Ely, MN (Northland's NewsCenter) Bear researchers near Ely have made history again!
They've launched another live signal from a remote bear den to witness the on-going drama of a famous family of black bears.
In this week's "Nature Matters" David Hoole brings us the continuing story of Hope and Lily as they await the possibility of an expanding family.
"This time we're hoping that Lily's pregnant, we've got a yearling in the den so it's going to get really weird, and we won't know what's going to happen. We'll learn along with everyone else."
Bear researchers near Ely and the dencam installation team have done it again. They recently broadcast a live signal over the Internet that gives interested people a look into the unknown; a view into the den of a growing family of hibernating black bears.
Researchers carefully, quietly, took the camera through dense brush to the opening of the bear den on a snowy day just before the new year. They got quite a surprise when Lily popped out of her winter retreat to greet researchers.
Lynn- "Hey bear, she wanted to leave."
- The install team patiently waited for the sleepy bear to go back to its winter hibernation. They know from last year's dencam that it's not rare for a bear to wake up and even get up from its den, but they don't want Lily to leave the den and not return.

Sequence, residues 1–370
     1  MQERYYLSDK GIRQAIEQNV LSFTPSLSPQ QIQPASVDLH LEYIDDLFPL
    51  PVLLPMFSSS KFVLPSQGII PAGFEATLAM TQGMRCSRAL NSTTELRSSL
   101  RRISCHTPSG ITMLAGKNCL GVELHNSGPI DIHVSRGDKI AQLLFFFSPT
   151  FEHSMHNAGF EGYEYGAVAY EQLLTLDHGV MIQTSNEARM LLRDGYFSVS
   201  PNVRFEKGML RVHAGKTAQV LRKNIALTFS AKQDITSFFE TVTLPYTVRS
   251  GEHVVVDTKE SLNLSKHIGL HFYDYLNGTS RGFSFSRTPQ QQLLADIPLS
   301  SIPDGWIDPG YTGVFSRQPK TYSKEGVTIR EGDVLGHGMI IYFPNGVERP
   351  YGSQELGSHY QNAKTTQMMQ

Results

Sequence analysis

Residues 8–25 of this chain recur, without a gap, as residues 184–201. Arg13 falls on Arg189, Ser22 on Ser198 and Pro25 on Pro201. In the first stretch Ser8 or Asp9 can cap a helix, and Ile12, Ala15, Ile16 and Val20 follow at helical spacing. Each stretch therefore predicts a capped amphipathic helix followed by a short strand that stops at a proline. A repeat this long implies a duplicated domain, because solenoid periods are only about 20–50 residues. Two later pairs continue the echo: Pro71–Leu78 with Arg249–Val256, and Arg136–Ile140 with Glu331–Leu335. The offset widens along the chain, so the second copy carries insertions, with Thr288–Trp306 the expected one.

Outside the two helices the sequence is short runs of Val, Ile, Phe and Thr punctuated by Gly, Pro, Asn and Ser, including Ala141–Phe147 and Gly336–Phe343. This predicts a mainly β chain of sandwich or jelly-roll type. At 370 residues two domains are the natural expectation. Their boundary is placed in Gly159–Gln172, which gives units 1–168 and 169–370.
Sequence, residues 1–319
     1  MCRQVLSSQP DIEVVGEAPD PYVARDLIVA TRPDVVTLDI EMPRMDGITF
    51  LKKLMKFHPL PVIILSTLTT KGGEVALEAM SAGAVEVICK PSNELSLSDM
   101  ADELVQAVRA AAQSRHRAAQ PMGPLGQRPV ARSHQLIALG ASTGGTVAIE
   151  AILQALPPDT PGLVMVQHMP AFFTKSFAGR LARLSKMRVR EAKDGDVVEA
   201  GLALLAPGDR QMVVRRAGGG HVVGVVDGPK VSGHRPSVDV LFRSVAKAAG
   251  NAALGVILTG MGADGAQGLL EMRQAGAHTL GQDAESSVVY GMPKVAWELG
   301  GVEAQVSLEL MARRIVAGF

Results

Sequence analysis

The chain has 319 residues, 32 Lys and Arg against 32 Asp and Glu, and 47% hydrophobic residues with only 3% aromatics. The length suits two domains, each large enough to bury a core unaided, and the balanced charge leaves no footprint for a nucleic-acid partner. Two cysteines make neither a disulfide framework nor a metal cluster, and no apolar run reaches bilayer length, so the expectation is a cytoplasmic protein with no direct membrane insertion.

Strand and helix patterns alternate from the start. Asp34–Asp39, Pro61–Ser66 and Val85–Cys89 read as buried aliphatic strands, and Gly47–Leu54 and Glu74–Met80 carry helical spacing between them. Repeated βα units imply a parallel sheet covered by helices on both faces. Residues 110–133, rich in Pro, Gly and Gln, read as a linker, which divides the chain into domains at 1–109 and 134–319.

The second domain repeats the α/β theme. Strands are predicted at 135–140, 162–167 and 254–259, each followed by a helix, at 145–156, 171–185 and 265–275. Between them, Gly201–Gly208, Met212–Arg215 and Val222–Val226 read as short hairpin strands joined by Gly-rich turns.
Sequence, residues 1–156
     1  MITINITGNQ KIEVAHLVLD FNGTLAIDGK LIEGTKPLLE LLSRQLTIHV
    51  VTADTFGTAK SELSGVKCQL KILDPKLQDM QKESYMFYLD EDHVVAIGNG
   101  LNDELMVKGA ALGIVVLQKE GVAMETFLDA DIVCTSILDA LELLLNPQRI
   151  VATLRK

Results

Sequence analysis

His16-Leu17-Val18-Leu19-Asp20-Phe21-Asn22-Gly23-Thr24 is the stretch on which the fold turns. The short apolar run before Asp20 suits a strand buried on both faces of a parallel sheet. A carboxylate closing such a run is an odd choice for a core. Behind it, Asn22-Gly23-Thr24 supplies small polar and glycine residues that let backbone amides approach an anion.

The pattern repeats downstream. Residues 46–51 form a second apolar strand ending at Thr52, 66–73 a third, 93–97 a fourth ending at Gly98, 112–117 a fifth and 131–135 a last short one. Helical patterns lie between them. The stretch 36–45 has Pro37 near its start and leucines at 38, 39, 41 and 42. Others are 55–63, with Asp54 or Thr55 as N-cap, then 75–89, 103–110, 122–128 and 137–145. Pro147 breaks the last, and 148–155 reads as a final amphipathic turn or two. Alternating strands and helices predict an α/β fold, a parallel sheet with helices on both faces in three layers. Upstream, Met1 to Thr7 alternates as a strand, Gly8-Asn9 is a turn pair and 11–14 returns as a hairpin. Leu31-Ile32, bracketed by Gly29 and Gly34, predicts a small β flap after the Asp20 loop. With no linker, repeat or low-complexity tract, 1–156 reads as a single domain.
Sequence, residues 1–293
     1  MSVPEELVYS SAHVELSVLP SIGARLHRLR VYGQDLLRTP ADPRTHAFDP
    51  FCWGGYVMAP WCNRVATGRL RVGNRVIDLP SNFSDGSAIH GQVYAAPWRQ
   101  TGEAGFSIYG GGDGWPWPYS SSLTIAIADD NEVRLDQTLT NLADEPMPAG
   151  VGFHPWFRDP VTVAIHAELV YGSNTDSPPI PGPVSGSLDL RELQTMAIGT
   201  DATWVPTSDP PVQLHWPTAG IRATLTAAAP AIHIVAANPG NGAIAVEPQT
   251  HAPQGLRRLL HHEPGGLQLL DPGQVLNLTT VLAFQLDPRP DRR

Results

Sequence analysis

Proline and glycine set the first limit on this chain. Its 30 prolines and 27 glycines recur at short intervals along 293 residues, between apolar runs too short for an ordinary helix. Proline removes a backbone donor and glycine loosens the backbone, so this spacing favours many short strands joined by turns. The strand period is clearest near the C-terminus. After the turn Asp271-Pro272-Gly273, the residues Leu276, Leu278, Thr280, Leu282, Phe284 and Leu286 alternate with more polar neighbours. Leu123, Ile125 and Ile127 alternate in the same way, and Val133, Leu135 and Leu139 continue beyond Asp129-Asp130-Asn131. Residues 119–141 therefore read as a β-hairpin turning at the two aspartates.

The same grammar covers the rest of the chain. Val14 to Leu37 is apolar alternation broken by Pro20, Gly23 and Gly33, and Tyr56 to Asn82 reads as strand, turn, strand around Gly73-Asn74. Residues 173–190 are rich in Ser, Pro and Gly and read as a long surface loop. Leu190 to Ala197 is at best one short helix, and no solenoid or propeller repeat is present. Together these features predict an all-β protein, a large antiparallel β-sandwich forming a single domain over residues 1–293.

As they wait, all involved think about the months of work that hang on this moment and speculate on what may happen this winter.
"The scenario here is so rare, where a mom is probably pregnant, probably going to have twins, and has got a yearling with her.
This is the second year of watching the winter hibernation. Lily's choice of a more remote den made things more difficult this year with no power or phone lines for miles.
"It was a big job. We had to lug 500 pounds of batteries to get the power up."
Solar panels charge 12 volt batteries to power the wireless uplink, and that uplink is like a three month phone call.
"Nothing like this exists at this point in time, this is the first and we're doing it with Lily this year. It's interesting and fun project to be involved with."
Back at the den Rogers and fellow researcher Sue Mansfield decide to leave the densite with the camera partly installed. All are optimistic on success.
"By a month from now she should have another litter in there so we want to get things all arranged before that."
In the bear woods near Ely, I'm David Hoole for Nature Matters.
As of today researchers have adjusted the camera and have already witnessed new discoveries. You can watch the dencam any time at
The North American Bear Centerwebsite